By all measures, Prescott is one of the most successful quarterbacks in the NFL year-in and year-out. Prescott finished 7th in the NFL in passing yards in 2021 with 4,449, with a career-high 37 passing touchdowns and just 10 interceptions.
But especially when playing for the historic Dallas Cowboys franchise, Prescott’s playoff shortcomings are put under hyper-focus. In three postseason trips, Prescott has come away with just one playoff win. His completion rate drops from 66.6% in the regular season to 61% in the postseason, and his touchdown rate decreases from 4.9% to 4.1%.
While Prescott’s resume lacks a deep postseason run, a consistent passer that wins 63% of his games is an absolute commodity. And I haven’t even mentioned, while by no means a run-fist quarterback, Prescott keeps defenses honest with his legs. Prescott has 1,460 yards and 25 touchdowns on the ground in his career including a single score from 21 yards out in 2021.
Baltimore Ravens quarterback Lamar Jackson couldn’t play for Baltimore down the stretch as they vied for a playoff spot, but when he has healthy, the Ravens were nothing short of Super Bowl contenders. While Jackson’s passing game hasn’t been spectacular since his 2019, video game-number, MVP-wining season, the former Louisville quarterback has done more than enough to quell the notion he’s “just a running back playing quarterback.”
In 2021, Jackson averaged a career-high 240.2 passing yards per game, with a career-high 31.8 attempts per game. Some of the flaws in Jackson’s passing accuracy and decision-making showed, with a career-high 13 interceptions thrown at a 3.4% rate. But overall, Jackson was still a solid passer: completing 64.4% of his passes and throwing 16 touchdown passes. Jackson led four game-winning drives for a scrappy Ravens team in 2021, and boasts an incredible career record of 37-12 despite a 7-5 mark, the worst of his career, in 2021.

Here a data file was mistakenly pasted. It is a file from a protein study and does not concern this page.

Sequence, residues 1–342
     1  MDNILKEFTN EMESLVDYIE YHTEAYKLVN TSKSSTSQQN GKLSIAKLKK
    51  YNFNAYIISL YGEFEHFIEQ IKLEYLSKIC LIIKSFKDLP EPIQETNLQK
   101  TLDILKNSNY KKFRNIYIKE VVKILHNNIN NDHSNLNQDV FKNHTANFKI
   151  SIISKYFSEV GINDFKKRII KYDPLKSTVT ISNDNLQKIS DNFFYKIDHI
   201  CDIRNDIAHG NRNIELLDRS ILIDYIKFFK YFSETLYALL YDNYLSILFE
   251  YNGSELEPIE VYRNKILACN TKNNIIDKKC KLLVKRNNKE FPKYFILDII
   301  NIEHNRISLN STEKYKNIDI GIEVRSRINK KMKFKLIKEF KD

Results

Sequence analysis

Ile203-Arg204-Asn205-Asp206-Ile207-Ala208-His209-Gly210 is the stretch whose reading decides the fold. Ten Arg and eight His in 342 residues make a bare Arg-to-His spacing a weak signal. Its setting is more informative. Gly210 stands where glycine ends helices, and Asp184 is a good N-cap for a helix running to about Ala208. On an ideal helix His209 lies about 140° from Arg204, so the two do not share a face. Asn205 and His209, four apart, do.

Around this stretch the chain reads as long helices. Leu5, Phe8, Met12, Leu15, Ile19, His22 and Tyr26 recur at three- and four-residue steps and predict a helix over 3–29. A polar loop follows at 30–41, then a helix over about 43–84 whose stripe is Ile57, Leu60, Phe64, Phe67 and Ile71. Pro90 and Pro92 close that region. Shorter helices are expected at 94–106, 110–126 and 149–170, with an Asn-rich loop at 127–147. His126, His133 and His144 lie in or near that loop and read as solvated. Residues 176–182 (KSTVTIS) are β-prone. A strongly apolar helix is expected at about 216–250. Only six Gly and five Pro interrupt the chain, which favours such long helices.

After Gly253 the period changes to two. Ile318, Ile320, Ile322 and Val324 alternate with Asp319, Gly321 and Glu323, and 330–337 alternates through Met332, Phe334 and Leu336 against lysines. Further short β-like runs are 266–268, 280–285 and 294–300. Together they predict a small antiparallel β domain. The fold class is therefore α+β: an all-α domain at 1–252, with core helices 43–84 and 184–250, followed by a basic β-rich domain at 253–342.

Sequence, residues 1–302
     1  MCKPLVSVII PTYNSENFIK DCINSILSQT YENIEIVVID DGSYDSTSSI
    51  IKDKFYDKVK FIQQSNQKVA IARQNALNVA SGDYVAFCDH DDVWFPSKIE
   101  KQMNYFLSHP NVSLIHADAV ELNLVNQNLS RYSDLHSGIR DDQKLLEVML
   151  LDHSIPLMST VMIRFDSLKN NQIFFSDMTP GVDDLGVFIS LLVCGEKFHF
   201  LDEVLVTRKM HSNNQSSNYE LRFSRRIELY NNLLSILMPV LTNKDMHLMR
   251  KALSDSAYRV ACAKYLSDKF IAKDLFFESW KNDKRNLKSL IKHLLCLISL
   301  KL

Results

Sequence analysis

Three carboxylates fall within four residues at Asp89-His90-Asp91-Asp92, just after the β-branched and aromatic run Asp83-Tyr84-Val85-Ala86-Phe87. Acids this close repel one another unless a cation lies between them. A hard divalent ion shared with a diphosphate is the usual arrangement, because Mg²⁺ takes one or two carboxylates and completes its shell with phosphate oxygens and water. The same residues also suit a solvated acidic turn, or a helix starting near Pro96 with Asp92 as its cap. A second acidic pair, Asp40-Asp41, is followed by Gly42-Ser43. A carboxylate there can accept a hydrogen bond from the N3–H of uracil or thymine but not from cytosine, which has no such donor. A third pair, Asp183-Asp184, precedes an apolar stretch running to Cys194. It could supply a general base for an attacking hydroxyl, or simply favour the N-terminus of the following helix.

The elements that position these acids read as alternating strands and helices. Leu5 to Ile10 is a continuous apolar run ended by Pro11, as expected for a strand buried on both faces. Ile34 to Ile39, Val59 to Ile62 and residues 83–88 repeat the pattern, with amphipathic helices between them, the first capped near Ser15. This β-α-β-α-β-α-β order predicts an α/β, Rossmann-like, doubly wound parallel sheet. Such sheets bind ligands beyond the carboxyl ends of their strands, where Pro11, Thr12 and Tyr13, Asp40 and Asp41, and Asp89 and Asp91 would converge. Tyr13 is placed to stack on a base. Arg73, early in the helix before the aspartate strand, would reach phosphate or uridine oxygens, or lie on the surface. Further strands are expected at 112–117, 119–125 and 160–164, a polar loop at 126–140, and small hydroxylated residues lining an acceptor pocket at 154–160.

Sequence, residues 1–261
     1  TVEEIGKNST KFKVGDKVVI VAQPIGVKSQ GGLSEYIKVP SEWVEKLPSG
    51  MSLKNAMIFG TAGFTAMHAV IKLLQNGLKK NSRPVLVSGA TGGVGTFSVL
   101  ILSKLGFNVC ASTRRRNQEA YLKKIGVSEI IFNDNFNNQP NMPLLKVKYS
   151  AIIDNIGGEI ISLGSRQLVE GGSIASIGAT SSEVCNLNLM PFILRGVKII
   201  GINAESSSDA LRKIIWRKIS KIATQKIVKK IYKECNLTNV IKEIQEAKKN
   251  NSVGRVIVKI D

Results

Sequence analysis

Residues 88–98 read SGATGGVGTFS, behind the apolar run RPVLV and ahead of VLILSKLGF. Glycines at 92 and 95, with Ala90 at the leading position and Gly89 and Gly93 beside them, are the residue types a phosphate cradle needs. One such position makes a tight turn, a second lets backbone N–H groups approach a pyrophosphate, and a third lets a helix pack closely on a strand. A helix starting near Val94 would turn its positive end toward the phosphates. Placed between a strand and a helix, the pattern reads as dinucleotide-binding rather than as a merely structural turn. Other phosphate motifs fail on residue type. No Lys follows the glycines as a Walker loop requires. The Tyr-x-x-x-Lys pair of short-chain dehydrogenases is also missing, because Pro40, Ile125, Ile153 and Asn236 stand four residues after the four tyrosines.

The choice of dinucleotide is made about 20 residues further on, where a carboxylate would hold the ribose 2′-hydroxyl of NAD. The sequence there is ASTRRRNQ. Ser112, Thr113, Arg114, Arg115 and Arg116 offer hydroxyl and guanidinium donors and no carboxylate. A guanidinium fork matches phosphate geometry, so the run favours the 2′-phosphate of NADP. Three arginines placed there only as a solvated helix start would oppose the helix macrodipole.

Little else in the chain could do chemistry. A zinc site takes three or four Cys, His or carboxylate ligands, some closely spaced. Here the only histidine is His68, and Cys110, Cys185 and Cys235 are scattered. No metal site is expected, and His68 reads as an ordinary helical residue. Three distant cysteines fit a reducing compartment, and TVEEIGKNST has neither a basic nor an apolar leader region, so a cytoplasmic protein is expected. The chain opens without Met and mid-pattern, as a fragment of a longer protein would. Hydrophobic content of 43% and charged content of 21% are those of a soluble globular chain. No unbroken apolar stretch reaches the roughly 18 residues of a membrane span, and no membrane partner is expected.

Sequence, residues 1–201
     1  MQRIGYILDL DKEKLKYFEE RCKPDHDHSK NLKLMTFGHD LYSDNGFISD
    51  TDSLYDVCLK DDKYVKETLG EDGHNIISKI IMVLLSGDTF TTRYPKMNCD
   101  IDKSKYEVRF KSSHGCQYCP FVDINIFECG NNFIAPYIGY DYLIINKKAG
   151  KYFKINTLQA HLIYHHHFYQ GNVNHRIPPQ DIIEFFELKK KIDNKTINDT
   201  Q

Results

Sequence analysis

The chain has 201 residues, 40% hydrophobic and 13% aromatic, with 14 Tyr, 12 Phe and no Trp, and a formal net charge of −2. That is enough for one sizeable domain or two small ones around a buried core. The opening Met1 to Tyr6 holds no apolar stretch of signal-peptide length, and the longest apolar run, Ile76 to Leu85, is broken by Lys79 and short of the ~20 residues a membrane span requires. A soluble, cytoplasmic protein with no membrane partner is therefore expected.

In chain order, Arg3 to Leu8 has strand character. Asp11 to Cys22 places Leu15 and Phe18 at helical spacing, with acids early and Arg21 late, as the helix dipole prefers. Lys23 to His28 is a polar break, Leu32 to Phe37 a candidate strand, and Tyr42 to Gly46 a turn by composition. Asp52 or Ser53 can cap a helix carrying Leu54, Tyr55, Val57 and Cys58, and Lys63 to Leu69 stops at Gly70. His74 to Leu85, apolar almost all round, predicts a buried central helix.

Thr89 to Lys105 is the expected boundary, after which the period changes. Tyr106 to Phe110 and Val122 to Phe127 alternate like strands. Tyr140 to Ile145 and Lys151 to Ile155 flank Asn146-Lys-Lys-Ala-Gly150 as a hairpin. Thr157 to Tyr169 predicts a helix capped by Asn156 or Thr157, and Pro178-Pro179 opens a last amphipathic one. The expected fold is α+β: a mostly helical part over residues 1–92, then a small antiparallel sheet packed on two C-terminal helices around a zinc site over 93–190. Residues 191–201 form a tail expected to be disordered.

Of course, what makes Jackson unique is his game-breaking elusiveness and speed. Besides extending plays in the pocket with his legs, Jackson is a run-happy quarterback, with over 133 rush attempts in each of his four career seasons. Jackson only found the end zone twice in 2021, after finding 14 times in the two seasons before, and also registered “only” 767 rushing yards after back-to-back 1,000-yard rushing seasons. Jackson “only” ranked 23rd in the NFL, despite playing just 12 games and you know, not being a running back.
Jackson is the heart and soul of the Baltimore Ravens offense, and while his 1-3 playoff record begs for improvement, Jackson is the biggest reason the Ravens have been in playoff contention for four straight seasons.
After winning the AP Offensive Rookie of the Year Award in 2020, Los Angeles Chargers quarterback Justin Herbert continued to grow in 2021, posting some of the best passing numbers in the league and earning a trip to the Pro Bowl.
The former Oregon quarterback and sixth overall pick in the 2020 NFL Draft finished second in the NFL in passing yards with 5,014, behind only Tom Brady. For Herbert to be outplaying many seasoned veterans, and only outpaced by the most prolific player to ever play the position, all in just his second professional season, is highly impressive.
Hebert passed for 38 touchdowns in 2021, third in the NFL, and posted a 9-8 record as starter. The Chargers were one of the best offensive teams in the league, and Hebert can hardly be blamed for the defense’s shortcomings. Impressively, Herbert led five game-winning drives in the Chargers nine wins.
Herbert can still get better (he can start by cutting down on his 15 interceptions) and admittedly, his passing yards total is inflated by his insane usage: 672 pass attempts over 17 games, an average of 39.5 times per game and behind only, once again Tom Brady. But in just his second season, Herbert is already one of the best quarterbacks in the NFL.